II. The witness of Christ to John. Praise from Jesus is praise indeed; and it is poured out here with no stinted hand on the languishing prisoner whose doubts had just been brought to Him. Such an eulogium at such a time is a wonderful instance of loving forbearance with a true-hearted follower’s weakness, and of a desire which, in a man, we should call magnanimous, to shield John’s character from depreciation on account of his message. The world praises a man to his face, and speaks of his faults behind his back. Christ does the opposite. Not till the messengers were departing does He begin to speak ‘concerning John.’ He lays bare the secret of the Baptist’s power, and allocates his place as greatest in one epoch and as less than the least in another, with an authority more than human, and on principles which set Himself high above all comparison with men, whether the greatest or the least. The King places His subjects, and Himself sits enthroned above them all.

First, Christ praises John’s great personal character in the dramatic and vivid questions which begin this section. He recalls the scenes of popular enthusiasm when all Israel streamed out to the desert preacher. A small man could not have made such an upheaval. What drew the crowds? Just what will draw them; the qualities without which, either possessed in reality or in popular estimation, no man can be a power religiously. The first essential is heroic firmness. It was not reeds swaying in the wind by Jordan’s banks, nor a poor feeble man like these, that the people flocked to listen to. His emblem was not the reed, but ‘an iron pillar.’ His whole career had been marked by decisiveness, constancy, courage. Nothing can be done worth doing in the world without a wholesome obstinacy and imperturbability, which keep a man true to his convictions and his task, whatever winds blow in his teeth. The multitudes will not flock to listen to a teacher who does not speak with the accent of conviction, nor will truths feebly grasped touch the lips with fire. The first requisite for a religious teacher is that he shall be sure of his message and of himself. Athanasius has to ‘stand against the world’ before the world accepts his teaching. ‘Though there were as many devils in Worms as there are tiles on the house-tops, go I will,’ said Luther. That is the temper for God’s instruments.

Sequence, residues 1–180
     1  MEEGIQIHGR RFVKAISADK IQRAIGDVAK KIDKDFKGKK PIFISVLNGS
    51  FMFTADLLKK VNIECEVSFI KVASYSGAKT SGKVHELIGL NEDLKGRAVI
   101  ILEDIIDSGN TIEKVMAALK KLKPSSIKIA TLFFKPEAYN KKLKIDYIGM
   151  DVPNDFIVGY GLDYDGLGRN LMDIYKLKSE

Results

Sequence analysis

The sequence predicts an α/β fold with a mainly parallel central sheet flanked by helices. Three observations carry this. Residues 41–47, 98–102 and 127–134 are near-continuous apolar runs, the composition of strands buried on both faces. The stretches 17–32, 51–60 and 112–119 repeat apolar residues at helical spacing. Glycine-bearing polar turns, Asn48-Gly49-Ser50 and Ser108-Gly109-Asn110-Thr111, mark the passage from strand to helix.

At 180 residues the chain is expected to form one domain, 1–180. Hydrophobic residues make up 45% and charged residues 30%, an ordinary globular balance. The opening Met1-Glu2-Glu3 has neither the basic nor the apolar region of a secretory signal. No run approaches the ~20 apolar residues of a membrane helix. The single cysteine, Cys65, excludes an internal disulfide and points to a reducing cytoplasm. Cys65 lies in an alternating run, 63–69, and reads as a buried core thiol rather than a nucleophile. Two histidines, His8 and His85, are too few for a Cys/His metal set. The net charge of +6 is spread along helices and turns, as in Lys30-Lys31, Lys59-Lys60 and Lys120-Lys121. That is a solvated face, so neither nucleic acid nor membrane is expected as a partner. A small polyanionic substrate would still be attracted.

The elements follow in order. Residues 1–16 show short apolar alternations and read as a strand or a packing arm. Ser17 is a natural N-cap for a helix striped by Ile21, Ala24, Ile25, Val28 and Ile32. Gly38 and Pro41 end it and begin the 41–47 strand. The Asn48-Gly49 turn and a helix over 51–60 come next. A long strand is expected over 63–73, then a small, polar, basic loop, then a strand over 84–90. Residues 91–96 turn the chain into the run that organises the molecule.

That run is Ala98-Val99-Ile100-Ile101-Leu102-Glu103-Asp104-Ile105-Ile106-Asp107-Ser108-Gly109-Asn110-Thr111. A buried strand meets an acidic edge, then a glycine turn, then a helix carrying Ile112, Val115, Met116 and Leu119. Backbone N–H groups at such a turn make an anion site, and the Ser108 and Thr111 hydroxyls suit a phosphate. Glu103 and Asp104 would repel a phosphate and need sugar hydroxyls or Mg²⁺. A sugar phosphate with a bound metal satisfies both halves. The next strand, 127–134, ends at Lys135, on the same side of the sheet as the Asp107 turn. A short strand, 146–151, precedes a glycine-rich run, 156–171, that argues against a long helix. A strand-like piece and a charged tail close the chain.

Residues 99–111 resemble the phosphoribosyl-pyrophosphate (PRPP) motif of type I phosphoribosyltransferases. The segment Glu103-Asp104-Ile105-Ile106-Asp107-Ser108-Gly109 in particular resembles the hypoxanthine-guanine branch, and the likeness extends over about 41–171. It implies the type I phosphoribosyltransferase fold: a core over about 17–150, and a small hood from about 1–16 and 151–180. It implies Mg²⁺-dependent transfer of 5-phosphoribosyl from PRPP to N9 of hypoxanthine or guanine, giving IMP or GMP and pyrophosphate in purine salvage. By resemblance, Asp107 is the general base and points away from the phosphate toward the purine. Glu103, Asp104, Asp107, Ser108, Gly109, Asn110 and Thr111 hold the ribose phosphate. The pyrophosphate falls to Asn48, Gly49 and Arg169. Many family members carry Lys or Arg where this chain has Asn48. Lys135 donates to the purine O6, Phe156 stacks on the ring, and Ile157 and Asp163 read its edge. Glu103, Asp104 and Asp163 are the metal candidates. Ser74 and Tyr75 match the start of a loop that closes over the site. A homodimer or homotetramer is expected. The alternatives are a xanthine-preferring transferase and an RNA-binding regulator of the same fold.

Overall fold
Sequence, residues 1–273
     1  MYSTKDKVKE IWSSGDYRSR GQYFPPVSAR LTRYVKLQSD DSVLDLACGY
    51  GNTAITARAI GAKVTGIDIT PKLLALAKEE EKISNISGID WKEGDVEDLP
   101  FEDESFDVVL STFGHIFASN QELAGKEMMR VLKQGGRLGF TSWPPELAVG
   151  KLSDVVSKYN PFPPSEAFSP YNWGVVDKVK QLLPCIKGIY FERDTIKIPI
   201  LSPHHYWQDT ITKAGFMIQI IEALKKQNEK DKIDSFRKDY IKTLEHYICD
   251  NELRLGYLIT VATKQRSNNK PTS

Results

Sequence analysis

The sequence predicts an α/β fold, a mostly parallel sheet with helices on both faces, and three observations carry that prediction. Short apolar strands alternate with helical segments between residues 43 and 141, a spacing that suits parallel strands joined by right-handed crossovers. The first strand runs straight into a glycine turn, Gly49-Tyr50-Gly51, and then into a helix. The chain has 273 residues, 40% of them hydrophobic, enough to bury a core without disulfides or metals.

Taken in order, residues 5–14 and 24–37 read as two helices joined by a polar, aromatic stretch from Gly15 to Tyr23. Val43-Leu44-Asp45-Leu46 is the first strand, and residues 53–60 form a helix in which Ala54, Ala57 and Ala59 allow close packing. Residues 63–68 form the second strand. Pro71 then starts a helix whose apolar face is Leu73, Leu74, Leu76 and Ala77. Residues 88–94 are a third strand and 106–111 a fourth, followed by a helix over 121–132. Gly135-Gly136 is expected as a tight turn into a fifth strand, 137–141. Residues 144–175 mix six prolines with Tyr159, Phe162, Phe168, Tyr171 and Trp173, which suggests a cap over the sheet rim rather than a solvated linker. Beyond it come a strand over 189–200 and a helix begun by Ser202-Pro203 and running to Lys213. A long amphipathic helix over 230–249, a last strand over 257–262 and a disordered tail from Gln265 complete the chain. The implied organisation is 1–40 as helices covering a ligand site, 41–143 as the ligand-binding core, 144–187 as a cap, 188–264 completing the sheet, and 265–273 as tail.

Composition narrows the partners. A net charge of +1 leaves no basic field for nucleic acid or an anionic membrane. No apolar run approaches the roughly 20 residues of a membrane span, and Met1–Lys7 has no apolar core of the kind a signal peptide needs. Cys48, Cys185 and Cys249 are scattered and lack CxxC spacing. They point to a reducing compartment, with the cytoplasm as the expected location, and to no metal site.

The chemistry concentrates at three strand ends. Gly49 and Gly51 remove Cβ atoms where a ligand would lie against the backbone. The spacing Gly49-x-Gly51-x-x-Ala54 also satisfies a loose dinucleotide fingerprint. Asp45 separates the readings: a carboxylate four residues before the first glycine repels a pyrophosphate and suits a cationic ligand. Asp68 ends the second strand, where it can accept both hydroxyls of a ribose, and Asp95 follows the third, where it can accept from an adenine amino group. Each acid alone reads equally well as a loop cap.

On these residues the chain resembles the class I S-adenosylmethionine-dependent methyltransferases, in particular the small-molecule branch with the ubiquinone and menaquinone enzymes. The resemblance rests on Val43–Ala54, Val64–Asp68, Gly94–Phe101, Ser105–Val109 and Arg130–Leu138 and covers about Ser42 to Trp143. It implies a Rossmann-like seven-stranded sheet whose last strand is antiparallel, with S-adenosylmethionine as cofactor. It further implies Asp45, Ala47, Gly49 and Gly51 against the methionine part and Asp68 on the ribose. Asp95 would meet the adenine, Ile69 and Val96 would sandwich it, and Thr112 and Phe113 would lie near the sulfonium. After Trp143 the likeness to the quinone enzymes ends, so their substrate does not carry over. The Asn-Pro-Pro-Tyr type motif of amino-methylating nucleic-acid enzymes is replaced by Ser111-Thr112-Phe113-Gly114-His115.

The next requisite, which John also had, is manifest indifference to material ease. Silken courtiers do not haunt the desert. Kings’ houses, and not either the wilderness or kings’ dungeons, are the sunny spots where they spread their plumage. If the gaunt ascetic, with his girdle of camel’s hair and his coarse fare, had been a self-indulgent sybarite, his voice would never have shaken a nation. The least breath of suspicion that a preacher is such a man ends his power, and ought to end it; for self-indulgence and the love of fleshly comforts eat the heart out of goodness, and make the eyes too heavy to see visions. John was the same man then as they had known him to be; therefore it was no impatience of the hardships of his prison that had inspired his doubts.

Our Lord next speaks of John’s great office. He was a prophet. The dim recognition that God spoke in His fiery words had drawn the crowds, weary of teachers in whose endless jangle and jargon of casuistry was no inspiration. The voice of a man who gets his message at first-hand from God has a ring in it which even dull ears detect as something genuine. Alas for the bewildering babble of echoes and the paucity of voices to-day!